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How do I know if the vegan diet is for me?

Updated: Sep 7, 2020

What going vegan really means

Being Vegan is not like being a Muslim or a Jew. It’s not like being English or African it’s an identity that is personal to you but involves the removal of animal products from your life. Vegan refers to a life free from animal products such as meat, milk, eggs, wool, leather, honey etc. For me, Palm oil is also a no-no but sometime unavoidable.

Let’s get one thing straight, Some people think Veganism is a religion. Veganism is not a religion!!! It is not a way of making yourself different from the masses, it’s not a way of standing out and saying look at me I’m an attention seeker, it’s a conscious decision to avoid cruelty and harm to the animals which share our planet with us.

But animal products are in everything

Sometimes it’s difficult to figure out whether a food product, household, beauty or cosmetic product have ingredient in them that come from animals. Once you make the choice to become Vegan you will soon get used to checking labels. I spend more time checking labels than I do choosing what I’m going to buy and because I buy natural ingredients I only have to worry about self-care and household products.

Animal testing?

There is no real way of finding out in-store whether a product has been test on animals prior to being deemed fit for human use unless the product clearly states it on the bottle. My advice to you, take your phone and Google it if you are not sure.

Advantages of being Vegan

Being Vegan has its advantages and they far out way the disadvantages of being inconvenienced in a supermarket or restaurant, or by missing out on the so-called tasty meat and dairy options that are available today.

If I boiled down rhubarb leaves (do not try this at home, ever) which contain poisonous substances such as oxalic acid, (a nephrotoxin) and fried them with garlic, herbs and spices you’d think it was spinach or kale and it would taste amazing. But it would kill you, not instantly but over time. As the toxins began to build up in your body you’d start experiencing neurological dysfunction, connection tissue dysfunction, block pathways of excretion, liver dysfunction, IBS, Kidney stones and most importantly, dysfunction of important glands in the body.Not only this, but you’d be suffering from a lot of pain, fatigue and even gout.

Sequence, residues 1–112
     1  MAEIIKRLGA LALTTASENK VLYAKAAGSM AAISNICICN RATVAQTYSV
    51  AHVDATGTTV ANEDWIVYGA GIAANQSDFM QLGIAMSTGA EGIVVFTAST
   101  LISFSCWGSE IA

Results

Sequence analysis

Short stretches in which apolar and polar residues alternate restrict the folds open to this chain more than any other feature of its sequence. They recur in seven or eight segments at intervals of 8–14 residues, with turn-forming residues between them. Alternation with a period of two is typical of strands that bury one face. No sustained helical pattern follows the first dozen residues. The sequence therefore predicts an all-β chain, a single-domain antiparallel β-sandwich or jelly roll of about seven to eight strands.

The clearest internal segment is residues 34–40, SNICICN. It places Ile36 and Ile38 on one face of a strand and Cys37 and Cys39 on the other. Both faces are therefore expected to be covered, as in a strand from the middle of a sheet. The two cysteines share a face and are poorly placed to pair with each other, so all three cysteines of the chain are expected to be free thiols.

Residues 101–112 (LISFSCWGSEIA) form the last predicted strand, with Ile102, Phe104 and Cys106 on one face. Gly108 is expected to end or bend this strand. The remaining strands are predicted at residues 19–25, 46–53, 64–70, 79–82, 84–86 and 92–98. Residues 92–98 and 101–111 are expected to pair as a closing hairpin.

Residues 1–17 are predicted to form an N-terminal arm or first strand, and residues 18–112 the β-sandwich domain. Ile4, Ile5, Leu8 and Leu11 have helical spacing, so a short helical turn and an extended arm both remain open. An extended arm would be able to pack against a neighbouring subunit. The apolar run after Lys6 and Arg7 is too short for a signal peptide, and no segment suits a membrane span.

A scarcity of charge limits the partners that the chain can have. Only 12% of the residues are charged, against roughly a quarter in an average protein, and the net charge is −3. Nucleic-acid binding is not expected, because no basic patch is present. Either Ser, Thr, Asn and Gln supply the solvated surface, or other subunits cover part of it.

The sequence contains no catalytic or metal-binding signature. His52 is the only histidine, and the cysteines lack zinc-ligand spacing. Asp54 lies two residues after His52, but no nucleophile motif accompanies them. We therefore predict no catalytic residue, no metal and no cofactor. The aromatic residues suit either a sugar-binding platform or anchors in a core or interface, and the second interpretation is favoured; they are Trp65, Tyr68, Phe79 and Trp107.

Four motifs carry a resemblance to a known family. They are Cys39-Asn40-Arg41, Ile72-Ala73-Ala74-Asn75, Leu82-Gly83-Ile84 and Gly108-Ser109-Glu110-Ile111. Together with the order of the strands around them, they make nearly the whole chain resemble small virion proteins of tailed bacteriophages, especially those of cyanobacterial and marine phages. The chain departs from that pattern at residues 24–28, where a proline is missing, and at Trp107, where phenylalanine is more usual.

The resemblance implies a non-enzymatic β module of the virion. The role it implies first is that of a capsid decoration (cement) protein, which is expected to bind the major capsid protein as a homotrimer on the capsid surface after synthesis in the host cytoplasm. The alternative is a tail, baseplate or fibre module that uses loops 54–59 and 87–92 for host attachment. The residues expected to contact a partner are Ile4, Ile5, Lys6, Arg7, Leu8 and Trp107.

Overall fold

Do any of these symptoms sound familiar? If you eat meat and dairy they might. You see, animal products especially red meat and processed meat products can contain group 1 carcinogens which over time build up in your body and cause most of the diseases named above an many more.

Most of today's illnesses and lifestyle diseases can be avoided, reversed and stopped in their tracks by moving towards a plant-based diet, drinking around eight cups of water daily and exercising more.

The avoidance or reversal of diseases just doesn’t seem to be enough for people to change their lifestyle habits. Most people have been touched by cancer whether it’s them, a family member, friend or co-worker yet most cancers can be avoided. Most diseases can be avoided through education.

If you are not worried about your children’s health, or maybe you’re worried about animals or the environment. There has to be a trigger out there that says to you. ‘I need to change my lifestyle, my eating habits, I need to exercise more, drink more water, take less prescription drugs, I need to care more’?

Some of the known advantages of a vegan diet are:

  • Increases the well-being of animals through the avoidance of their consumption and avoidance of animal testing

  • Improves your health by minimising the exposure to possible pathogens (red meat - group-1 carcinogen)

  • Reduces your environmental footprint

  • The overwhelming majority of animal products which impact on your life will obviously come from your food choices

How I started on a vegan diet

Like a lot of people I spend my spare time watching documentaries on Netflix. I watched Vegucate, Meat Matters, Forks over Knives,What The Health then Game Changers. Then I watched multiple documentaries on the BBC and YouTube and all of the information started to come together like a jigsaw puzzle. It was no longer a lot of random facts and figures but a real picture emerged. A horrifying picture. I started researching the topic and I couldn’t believe what I saw and read. The issues were never ending.

Recently there has been a further drive by documentary makers to point out the horrors of producing animals for human consumption, factory farming in particular. The way I see it, after watching those documentaries, I have two choices. I can choose between living life in ignorance or living life facing the brutality of reality. I choose the second option even though it is disturbing to acknowledge these horrors exist. Rather than taking part in these horrors passively or blindly and encouraging them to continue by choosing to consume animals and the products they make from them we should stand by our morals, ethics, our health, the environment and our animals and say no to animal products.

Animals were and are still suffering horrific pain and torture at the hands of humans so we can consume and test on them. Eco-systems are being destroyed because of it which in turn is leading to significant environmental harm and in some cases irreversible harm. And finally, what it does to us physically. We’re not meant to eat animals, but people tell me. ‘We have incisors for a reason, like lions!’ To be honest I’ve never seen a lion up close and personal but what I can tell you is Elephants, rhino’s, wild bores etc have huge incisors and they eat grass and foliage. I’ve never once heard of an elephant eating a bacon sandwich or a tiger and look at those tusks, massive.

Then there is the protein problem. If I had a pound for every time, I heard someone say. ‘You can’t get enough protein from a vegan diet!’ I would literally be a millionaire by now, honestly, I hear it that often. But this just isn’t true, in fact it’s a long way from the truth.